> Not yet. The person who can do this is away this week (the machine is
    > on the other side of the country).
    >
    > > Excuse me? If User Level Security (ULS) was implemented, then JET most
    > > definately will manage permissions. You don't skirt ULS by accessing the JET
    > > database using a non-Access application! I don't know if ULS was
    > > specifically implemented on MyDB.mdb, but even if it was not, by default
    > > Security is in place. It's just that each user is considered the Admin user
    > > with a blank password if ULS was not implemented. What this means is that Jet
    > > MUST know where to find the System.mdw file (or whatever the name of the
    > > expected workgroup information file is), even if you did not implement ULS.

    >
    > This sounds like a promising area to investigate. How do I check
    > whether ULS was implemented (it would not have been done deliberately)?
    > I installed Access 2000 on the XP machine, Office. I am guessing that
    > the W98 machine, Lab, uses the copy of Jet on Office. Could using
    > Notepad to try to open a file invoke Jet?
    >
    > Since the app works on Office, I suppose Jet on Office is finding
    > System.mdw.
    >
    > >
    > > > And, the app worked fine before.

    > > I understand that point very clearly. No need to keep repeating it.
    > >
    > >
    > > > MyPgm is a Visual C++ pgm, that uses ODBC to read an Access db. Access
    > > > itself is never run on either machine.

    > >
    > > Okay, thank you for clarifying that. This was not obvious from reading the
    > > earlier posts.
    > >
    > >
    > >
    > >
    > > Tom Wickerath
    > > Microsoft Access MVP
    > >
    > > http://www.access.qbuilt.com/html/expert_contributors.html
    > > http://www.access.qbuilt.com/html/search.html
    > > __________________________________________
    > >
    > > "sherwood@programmer.net" wrote:
    > >
    > > > Tom Wickerath wrote:
    > > > > Yeah, but you can compound your problems--without necessarily knowing about
    > > > > it at the time--by attempting to use something like NotePad or Word to open
    > > > > an Access application.
    > > >
    > > > NotePad does not know, or care, what kind of file MyDB.mdb is. It just
    > > > reads bytes. Since it will not attempt to write anything unless I
    > > > explicitly tell it to (with Save), it should not change anything.
    > > >
    > > > > Okay, Access 2000 should be patched to service pack 3. The JET database
    > > > > engine should be service pack 8.
    > > >
    > > > In general it's good policy to keep these things up to date, but it
    > > > seems unlikely this is the trouble. Access is not being used at all.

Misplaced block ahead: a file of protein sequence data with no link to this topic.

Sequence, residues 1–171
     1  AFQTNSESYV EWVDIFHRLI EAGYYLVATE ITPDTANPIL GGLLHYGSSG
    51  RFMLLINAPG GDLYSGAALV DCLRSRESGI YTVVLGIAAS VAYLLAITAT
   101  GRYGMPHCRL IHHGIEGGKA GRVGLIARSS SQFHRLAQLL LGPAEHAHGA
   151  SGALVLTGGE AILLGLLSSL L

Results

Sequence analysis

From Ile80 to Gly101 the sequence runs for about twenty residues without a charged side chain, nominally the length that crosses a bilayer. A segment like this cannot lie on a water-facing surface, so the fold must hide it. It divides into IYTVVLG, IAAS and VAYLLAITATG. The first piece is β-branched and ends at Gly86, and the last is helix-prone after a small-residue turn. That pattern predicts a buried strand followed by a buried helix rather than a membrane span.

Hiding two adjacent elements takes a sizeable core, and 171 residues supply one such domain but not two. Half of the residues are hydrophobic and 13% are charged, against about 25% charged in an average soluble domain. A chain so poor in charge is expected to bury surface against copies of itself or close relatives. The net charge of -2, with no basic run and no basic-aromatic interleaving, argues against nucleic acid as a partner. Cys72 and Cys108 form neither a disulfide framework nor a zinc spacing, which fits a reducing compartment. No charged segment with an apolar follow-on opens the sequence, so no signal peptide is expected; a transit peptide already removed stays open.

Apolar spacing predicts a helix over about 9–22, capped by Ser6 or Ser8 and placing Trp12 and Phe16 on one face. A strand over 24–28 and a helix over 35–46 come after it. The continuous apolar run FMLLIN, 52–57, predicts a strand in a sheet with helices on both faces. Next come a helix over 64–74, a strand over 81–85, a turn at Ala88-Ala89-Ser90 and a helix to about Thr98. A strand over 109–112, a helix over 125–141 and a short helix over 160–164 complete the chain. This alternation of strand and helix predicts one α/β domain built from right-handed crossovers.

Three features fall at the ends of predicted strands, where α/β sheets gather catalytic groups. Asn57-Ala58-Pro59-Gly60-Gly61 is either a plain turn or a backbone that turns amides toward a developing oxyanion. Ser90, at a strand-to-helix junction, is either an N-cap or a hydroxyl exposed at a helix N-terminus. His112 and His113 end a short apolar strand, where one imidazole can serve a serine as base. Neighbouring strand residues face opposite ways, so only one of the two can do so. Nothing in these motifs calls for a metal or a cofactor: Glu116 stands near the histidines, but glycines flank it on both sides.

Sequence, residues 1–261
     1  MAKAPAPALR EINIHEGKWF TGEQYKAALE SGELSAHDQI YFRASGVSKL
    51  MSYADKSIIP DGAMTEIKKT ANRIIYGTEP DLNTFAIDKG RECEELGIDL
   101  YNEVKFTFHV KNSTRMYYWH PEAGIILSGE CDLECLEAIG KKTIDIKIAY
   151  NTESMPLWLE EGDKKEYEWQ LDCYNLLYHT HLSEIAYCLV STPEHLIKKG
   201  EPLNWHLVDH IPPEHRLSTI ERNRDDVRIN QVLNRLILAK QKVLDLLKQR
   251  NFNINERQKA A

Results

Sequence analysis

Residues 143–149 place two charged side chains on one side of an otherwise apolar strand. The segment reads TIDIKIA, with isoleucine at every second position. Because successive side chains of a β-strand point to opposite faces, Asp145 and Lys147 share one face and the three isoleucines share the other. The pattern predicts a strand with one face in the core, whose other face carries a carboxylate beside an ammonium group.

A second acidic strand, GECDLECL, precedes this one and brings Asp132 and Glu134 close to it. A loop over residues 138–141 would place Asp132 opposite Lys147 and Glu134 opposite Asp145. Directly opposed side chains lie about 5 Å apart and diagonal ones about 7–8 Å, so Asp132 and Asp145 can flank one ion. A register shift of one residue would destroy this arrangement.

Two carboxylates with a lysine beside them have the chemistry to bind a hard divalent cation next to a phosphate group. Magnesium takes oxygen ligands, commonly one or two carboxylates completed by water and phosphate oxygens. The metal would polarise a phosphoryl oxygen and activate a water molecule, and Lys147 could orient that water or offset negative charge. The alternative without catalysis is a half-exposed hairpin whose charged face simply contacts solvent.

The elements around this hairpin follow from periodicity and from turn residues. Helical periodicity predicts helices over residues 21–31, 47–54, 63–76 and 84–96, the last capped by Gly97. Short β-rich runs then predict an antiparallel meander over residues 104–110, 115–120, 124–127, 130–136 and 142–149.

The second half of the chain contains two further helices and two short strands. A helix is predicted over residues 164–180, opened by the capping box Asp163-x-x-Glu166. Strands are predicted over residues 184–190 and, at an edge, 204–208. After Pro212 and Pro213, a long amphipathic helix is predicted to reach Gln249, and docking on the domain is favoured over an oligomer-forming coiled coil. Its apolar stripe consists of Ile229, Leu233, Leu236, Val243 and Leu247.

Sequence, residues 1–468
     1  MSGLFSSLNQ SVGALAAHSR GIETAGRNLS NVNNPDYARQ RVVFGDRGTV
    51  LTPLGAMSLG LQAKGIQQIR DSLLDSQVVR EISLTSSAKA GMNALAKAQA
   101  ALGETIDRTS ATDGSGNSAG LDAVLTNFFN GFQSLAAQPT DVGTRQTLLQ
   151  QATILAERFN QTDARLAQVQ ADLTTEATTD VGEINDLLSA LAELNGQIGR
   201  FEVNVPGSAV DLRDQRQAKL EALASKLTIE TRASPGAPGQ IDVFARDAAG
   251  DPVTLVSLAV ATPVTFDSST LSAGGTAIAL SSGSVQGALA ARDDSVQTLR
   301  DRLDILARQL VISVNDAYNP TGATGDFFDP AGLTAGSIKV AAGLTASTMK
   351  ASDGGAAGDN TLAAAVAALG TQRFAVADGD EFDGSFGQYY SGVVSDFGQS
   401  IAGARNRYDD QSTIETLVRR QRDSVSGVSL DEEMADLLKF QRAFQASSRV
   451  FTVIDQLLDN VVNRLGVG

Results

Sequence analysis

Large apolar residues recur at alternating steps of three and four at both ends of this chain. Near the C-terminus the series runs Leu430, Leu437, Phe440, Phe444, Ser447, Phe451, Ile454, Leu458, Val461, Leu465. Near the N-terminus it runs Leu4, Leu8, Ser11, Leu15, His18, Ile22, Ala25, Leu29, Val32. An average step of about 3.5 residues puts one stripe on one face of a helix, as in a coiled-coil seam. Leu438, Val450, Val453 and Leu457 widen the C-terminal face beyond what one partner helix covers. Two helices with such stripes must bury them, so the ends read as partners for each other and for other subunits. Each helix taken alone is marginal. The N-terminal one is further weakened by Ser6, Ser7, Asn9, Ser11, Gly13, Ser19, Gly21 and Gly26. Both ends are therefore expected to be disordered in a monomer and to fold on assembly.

> > > The Jet db engine is used, through its ODBC interface, but probably
    > > > doesn't manage permissions. And, the app worked fine before.
    > > >
    > > > > What exactly is "MyPgm"? Is this a .exe application created in Visual Basic
    > > > > that reads the .mdb file? If MyPgm is a .mdb file, then I guess that means
    > > > > that you are running a remote copy of Access from lab. If that is the case,
    > > > > it does not sound good. On the other hand, if MyPgm is some other application
    > > > > that can read data from your MyDB.mdb file, via an ODBC connection, then that
    > > > > should be okay.
    > > >
    > > > MyPgm is a Visual C++ pgm, that uses ODBC to read an Access db. Access
    > > > itself is never run on either machine.

    >
    >
     
  20. Tom Wickerath

    Tom Wickerath
    Expand Collapse
    Guest

    You know, since you've mentioned that MyPgm is a Visual C++ app. that uses a
    JET database, you've really posted your question in the wrong newsgroup.
    "Access" does not belong in the subject line of this post, since you are not
    using Access.

    In any case, here is a suggestion to try out. From a second PC in the
    Office, try to set up an ODBC connection to the Office PC. Record the exact
    steps that are required in order to get a successful connection. Send these
    steps by e-mail to your remote contact in the Lab. Have them try first from a
    different PC in the lab. If all works, have them delete the original ODBC
    connection on the lab PC and re-establish it.


    Tom Wickerath
    Microsoft Access MVP

    http://www.access.qbuilt.com/html/expert_contributors.html
    http://www.access.qbuilt.com/html/search.html
    __________________________________________

    "Tom Wickerath" wrote:

    > > Not yet. The person who can do this is away this week (the machine is
    > > on the other side of the country).

    >
    > The lab machine is on the other side of the country??? That's a pretty
    > important fact to be revealed this late in this thread! From your previous
    > discussions, it would be perfectly normal to assume that the Office PC and
    > the Lab PC were in the same building.